Featured snippets are “at a glance” answers to a specific search query that show up at the very top of Google’s search results [above position #1].
Imagine you once heard the word, “Drop shipping” from someone but aren’t sure what it really means or how it works. So you decide to get on Google and type the keywords, “how to do drop shipping,” to gain more insights.
Here’s a featured snippet for ‘how to do drop shipping’
You’ll notice this comes at ‘Position 0’ of organic search before other search results come on for the same search term.
According to Google, the idea behind snippets is to “Enhance and draw user attention on the results page.” And because of the unique positioning of these snippets on Google SERP, they get much more visibility, more organic click through, and higher conversion rates.
In fact, based on a HubSpot report, content that shows up on featured snippet do get 2X higher click through rates than others.
But…before we dive deep into how to get your content on featured snippets, here are a few things to keep in mind:
There are different types of featured snippets that show up in Google search results.
This is the most popular type of snippet as we know it, and it accounts for a whopping 81.95% of all featured snippets.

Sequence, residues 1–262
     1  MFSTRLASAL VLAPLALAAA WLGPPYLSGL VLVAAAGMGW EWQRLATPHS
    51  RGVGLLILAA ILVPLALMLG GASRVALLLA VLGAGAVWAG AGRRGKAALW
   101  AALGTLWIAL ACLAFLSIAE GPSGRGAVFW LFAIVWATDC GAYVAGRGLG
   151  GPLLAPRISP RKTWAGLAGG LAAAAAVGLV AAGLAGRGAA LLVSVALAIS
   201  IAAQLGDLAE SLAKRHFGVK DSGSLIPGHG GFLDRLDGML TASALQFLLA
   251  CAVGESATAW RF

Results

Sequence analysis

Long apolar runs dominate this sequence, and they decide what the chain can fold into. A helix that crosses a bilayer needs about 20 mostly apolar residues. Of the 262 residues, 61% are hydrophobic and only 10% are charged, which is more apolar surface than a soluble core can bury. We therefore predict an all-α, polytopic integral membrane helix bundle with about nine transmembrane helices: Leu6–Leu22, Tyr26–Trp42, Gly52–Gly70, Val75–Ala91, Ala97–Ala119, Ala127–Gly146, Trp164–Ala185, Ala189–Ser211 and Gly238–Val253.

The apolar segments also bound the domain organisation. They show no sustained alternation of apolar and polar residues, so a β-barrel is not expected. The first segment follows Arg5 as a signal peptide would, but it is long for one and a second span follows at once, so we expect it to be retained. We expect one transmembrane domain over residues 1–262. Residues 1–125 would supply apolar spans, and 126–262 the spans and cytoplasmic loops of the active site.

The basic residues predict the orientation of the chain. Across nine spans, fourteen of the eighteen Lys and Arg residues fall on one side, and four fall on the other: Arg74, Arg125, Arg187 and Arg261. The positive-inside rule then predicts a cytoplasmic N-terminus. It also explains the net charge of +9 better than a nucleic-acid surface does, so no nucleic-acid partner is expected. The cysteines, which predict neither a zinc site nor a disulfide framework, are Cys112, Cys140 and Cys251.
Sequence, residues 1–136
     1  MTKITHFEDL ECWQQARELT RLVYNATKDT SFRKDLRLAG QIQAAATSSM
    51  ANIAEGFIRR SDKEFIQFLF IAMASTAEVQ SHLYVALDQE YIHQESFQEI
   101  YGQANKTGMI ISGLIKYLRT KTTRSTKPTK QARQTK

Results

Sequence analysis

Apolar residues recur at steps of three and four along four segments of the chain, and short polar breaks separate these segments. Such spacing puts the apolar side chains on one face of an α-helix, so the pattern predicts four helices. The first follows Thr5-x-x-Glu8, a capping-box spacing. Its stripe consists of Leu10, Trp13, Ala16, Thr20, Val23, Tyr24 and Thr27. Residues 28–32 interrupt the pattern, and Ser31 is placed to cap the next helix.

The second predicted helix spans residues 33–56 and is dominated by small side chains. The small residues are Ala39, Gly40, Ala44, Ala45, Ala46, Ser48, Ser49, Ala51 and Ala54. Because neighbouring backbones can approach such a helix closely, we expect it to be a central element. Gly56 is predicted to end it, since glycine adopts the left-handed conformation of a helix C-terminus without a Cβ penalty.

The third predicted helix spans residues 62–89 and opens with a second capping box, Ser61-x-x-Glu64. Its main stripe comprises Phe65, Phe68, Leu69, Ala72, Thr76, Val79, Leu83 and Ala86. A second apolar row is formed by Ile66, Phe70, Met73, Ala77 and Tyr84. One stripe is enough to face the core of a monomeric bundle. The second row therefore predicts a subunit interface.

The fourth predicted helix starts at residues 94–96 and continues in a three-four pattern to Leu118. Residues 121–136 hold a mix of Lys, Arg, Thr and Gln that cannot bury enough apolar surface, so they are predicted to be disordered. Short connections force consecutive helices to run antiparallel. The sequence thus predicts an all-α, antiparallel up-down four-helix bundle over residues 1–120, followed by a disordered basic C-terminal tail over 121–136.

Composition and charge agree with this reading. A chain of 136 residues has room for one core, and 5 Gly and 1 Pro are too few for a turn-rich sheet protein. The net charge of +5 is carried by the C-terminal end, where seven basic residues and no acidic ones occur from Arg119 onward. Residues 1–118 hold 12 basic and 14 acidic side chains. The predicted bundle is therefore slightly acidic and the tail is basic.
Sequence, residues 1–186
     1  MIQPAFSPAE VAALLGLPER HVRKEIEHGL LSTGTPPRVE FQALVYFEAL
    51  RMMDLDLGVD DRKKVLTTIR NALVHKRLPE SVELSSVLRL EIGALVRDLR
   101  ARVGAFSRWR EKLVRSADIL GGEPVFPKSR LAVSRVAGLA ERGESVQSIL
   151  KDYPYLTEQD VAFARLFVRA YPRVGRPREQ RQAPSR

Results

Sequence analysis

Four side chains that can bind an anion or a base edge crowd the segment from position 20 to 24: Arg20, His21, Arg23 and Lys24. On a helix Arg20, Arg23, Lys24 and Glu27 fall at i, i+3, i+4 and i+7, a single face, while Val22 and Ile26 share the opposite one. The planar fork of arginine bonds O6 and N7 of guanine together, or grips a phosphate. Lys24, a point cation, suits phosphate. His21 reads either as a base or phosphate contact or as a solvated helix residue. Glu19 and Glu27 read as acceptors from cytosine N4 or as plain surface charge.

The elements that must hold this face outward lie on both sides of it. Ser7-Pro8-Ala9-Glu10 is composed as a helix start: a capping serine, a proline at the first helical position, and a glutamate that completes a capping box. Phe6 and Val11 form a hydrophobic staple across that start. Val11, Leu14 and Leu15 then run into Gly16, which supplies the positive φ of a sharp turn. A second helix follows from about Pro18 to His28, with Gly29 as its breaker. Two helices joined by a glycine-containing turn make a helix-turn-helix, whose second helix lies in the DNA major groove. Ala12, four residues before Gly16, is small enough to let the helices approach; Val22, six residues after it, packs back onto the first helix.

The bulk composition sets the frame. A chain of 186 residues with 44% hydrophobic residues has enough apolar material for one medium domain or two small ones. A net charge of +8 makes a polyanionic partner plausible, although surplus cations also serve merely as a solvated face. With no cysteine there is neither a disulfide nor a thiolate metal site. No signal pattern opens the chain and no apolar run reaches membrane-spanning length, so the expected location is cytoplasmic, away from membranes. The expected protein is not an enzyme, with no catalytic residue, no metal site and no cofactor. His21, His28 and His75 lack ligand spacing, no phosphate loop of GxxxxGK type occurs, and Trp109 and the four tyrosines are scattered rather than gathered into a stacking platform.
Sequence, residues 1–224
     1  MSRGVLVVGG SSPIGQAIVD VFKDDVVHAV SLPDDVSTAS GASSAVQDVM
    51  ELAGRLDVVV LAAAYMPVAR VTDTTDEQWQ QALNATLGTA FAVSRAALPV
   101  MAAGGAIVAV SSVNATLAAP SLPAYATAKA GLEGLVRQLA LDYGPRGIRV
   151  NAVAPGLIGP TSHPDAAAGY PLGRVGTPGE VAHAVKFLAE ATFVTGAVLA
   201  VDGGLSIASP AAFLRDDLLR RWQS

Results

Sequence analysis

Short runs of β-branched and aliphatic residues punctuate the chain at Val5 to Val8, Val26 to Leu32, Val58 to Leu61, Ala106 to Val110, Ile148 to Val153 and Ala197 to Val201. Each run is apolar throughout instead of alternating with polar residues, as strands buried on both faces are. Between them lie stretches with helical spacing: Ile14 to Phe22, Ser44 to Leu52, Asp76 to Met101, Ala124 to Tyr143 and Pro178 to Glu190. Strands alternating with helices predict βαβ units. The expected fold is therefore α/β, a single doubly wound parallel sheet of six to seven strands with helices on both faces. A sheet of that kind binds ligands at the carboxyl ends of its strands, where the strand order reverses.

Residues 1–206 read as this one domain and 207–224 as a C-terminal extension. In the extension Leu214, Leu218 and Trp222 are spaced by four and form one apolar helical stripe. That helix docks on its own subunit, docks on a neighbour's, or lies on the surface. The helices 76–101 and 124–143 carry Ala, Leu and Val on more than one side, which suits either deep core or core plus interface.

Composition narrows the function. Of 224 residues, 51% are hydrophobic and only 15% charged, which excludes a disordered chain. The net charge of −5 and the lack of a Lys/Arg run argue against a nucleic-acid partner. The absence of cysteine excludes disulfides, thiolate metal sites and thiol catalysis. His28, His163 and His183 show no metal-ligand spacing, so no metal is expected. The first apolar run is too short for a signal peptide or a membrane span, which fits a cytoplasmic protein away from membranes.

When a user asks Google for a specific information via search, Google crawls the internet and extracts texts from a specific site in a bid to respond to the user’s direct query.
A Paragraph snippet looks something like this…
You’ll notice the paragraph snippet above attempts to answer the search query, ‘why does my ear itch’ without you clicking any link.
Paragraph Snippet typically appears for questions that come in the - How to / Who is / Why is / What is fashion.
This alongside bulleted list account for 10.77% of all featured snippets.
Numbered list snippets list out steps for getting something done when a user asks Google for a specific information via search.
One great thing about numbered list snippets is that users can see clearly at first glance some steps to get what they want done which can immediately get them to click through for more detail.
A numbered list snippet looks something like this…
You’ll notice the numbered list snippet above attempts to answer the search query, ‘steps for learning web development’ without having to click any link.
Numbered list snippets typically appear for keywords like – Recipes / DIYs / How to.
Listicles [articles that follow a list format] are created mostly for this type of Google’s featured snippets. Like numbered list snippets, they list or rank items.
A bulleted list snippet looks something like this…
You’ll notice the bulleted list snippet above attempts to answer the search query, ‘best cars in the world 2019’ without having to click any link.
Bulleted lists appear for keywords like - Best of / Ranked items / Feature lists.
This is the least popular snippet type, accounting for just 7.28% of all featured snippets.
When it comes to structured data, Google doesn’t just pull information from original content. What it actually does is reformat data and re-present it in tables, in a way that’s more readable and useful for the searcher.